The college prohibits any form of sexual harassment involving its employees in the employment relationships or involving any college employee and a student of the college in the college relationship, whether it is in the form of a college employee sexually harassing a college employee or student or a student sexually harassing a student or an employee. The college has a firm belief and has established a policy that all employees are entitled to work and all students are entitled to learn in an environment free of discrimination or intimidation based on an intimate, amorous relationship. Any act, comment, or behavior that is of a sexually suggestive or harassing nature and that in any way interferes with an employee’s or a student’s performance or creates an intimidating, hostile, or offensive environment is strictly prohibited.
Definition of Sexual Harassment
The Equal Employment Opportunity Commission defines sexual harassment as "unwelcome sexual advances, requests for sexual favors, and other verbal or physical conduct of a sexual nature." Examples of such behavior include the following:
- Verbal harassment - Making sexual comments about a person’s body, telling sexual jokes or stories, spreading rumors about a co-worker’s sex life, or asking or telling about sexual fantasies, preferences, or history.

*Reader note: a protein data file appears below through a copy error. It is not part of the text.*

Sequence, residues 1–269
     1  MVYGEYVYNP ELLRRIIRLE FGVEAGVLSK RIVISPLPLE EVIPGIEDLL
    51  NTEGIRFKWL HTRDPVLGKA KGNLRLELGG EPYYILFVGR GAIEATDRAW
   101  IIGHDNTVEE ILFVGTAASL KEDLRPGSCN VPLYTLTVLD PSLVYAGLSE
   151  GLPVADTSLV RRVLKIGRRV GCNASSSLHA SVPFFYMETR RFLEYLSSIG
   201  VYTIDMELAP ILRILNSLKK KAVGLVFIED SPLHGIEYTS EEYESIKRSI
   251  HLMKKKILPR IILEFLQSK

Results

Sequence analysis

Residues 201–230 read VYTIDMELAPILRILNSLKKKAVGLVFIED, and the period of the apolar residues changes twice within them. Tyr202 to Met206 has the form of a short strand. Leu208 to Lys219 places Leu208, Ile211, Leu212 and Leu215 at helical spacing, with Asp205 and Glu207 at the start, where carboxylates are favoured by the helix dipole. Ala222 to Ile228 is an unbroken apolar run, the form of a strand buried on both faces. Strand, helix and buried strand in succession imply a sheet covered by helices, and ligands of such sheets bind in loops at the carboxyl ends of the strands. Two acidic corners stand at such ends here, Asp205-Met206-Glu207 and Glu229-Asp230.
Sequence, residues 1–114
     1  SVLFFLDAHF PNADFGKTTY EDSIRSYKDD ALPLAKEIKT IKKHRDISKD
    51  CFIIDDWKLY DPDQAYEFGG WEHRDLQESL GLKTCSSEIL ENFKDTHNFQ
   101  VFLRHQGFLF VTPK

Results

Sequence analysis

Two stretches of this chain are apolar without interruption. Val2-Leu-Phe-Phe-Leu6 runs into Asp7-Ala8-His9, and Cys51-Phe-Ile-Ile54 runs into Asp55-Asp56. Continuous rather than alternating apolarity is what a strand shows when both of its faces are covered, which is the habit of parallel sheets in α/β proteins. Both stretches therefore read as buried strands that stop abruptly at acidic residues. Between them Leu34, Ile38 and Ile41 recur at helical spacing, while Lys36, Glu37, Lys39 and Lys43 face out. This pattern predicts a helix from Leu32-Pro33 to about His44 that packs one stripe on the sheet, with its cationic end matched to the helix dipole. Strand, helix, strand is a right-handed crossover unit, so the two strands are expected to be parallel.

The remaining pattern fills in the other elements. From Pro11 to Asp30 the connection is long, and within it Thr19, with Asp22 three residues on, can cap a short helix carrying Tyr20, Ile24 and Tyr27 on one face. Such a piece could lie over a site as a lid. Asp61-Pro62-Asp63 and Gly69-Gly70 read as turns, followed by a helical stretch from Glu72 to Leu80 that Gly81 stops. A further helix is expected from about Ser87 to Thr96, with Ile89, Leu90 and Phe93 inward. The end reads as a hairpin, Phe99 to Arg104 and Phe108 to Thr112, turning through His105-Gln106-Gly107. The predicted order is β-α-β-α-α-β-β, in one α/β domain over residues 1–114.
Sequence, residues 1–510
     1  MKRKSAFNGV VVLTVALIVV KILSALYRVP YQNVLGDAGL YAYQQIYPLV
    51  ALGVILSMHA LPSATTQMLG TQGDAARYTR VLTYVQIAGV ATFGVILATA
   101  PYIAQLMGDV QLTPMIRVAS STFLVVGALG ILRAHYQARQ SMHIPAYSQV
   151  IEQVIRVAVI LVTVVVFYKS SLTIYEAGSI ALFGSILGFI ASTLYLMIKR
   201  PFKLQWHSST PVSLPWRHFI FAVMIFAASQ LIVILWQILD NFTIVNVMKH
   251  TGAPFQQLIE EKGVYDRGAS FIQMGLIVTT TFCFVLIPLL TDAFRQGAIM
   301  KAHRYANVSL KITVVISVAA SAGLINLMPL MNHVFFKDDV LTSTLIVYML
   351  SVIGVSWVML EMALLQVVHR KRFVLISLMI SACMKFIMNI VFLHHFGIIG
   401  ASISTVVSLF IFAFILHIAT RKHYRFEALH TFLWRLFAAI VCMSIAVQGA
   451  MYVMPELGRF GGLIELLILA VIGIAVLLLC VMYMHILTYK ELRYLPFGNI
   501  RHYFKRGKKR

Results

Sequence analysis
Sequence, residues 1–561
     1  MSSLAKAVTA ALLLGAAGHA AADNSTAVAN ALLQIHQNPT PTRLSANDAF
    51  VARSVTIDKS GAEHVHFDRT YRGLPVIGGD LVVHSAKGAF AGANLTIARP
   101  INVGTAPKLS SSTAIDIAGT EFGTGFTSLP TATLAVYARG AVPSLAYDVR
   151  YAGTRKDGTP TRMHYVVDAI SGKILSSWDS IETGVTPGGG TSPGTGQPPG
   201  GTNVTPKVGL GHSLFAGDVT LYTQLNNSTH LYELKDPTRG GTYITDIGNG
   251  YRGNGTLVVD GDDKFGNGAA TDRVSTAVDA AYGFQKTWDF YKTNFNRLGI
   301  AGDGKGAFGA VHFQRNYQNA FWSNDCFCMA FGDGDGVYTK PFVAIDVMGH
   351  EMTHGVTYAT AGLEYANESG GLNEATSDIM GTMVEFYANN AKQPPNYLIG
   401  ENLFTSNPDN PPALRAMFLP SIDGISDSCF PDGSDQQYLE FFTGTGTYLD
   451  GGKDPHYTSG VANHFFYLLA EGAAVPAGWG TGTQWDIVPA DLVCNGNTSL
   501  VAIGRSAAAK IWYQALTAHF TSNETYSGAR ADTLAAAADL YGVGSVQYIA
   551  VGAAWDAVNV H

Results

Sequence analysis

- Non-verbal harassment - Giving unwanted personal gifts, following a person, staring at a person’s body, or displaying sexually suggestive materials such as pornographic photos.
- Physical harassment - Brushing up against or touching another person suggestively or touching oneself in a sexual manner in front of another person.
Such behavior constitutes sexual harassment when:
- Submission to such conduct is a term or condition of employment.
- Submission to such conduct becomes a basis for employment-related decisions.
- Such conduct unreasonably interferes with a student’s academic performance or an employee’s job performance or creates a hostile or intimidating environment
The college’s educational mission is promoted by professionalism in the following relationships: student-faculty, faculty-supervisor, student-supervisor, and employee-supervisor. Professionalism is fostered by an atmosphere of mutual trust and respect. Actions of college employees that harm this atmosphere undermine professionalism and hinder fulfillment of the college’s educational mission. Trust and respect are diminished when those in positions of authority abuse, or appear to abuse, their power. Those who abuse, or appear to abuse, their power in such a context violate their duty to the college community.